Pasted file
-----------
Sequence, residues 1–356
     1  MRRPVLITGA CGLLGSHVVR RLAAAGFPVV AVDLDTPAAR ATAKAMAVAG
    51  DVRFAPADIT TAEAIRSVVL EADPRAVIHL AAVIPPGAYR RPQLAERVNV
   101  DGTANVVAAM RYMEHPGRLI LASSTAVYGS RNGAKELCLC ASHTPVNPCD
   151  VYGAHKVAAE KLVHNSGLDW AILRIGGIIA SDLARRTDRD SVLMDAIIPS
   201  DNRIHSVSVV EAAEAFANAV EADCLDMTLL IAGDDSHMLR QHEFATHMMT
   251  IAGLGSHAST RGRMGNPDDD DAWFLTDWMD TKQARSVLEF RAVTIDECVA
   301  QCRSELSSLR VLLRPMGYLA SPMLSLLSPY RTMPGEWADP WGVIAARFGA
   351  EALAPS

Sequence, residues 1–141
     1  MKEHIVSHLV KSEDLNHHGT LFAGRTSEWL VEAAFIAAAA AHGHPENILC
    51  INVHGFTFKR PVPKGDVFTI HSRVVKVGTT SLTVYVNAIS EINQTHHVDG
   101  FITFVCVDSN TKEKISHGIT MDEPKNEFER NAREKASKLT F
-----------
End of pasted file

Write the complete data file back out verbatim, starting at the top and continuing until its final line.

Sequence, residues 1–356
     1  MRRPVLITGA CGLLGSHVVR RLAAAGFPVV AVDLDTPAAR ATAKAMAVAG
    51  DVRFAPADIT TAEAIRSVVL EADPRAVIHL AAVIPPGAYR RPQLAERVNV
   101  DGTANVVAAM RYMEHPGRLI LASSTAVYGS RNGAKELCLC ASHTPVNPCD
   151  VYGAHKVAAE KLVHNSGLDW AILRIGGIIA SDLARRTDRD SVLMDAIIPS
   201  DNRIHSVSVV EAAEAFANAV EADCLDMTLL IAGDDSHMLR QHEFATHMMT
   251  IAGLGSHAST RGRMGNPDDD DAWFLTDWMD TKQARSVLEF RAVTIDECVA
   301  QCRSELSSLR VLLRPMGYLA SPMLSLLSPY RTMPGEWADP WGVIAARFGA
   351  EALAPS

Sequence, residues 1–141
     1  MKEHIVSHLV KSEDLNHHGT LFAGRTSEWL VEAAFIAAAA AHGHPENILC
    51  INVHGFTFKR PVPKGDVFTI HSRVVKVGTT SLTVYVNAIS EINQTHHVDG
   101  FITFVCVDSN TKEKISHGIT MDEPKNEFER NAREKASKLT F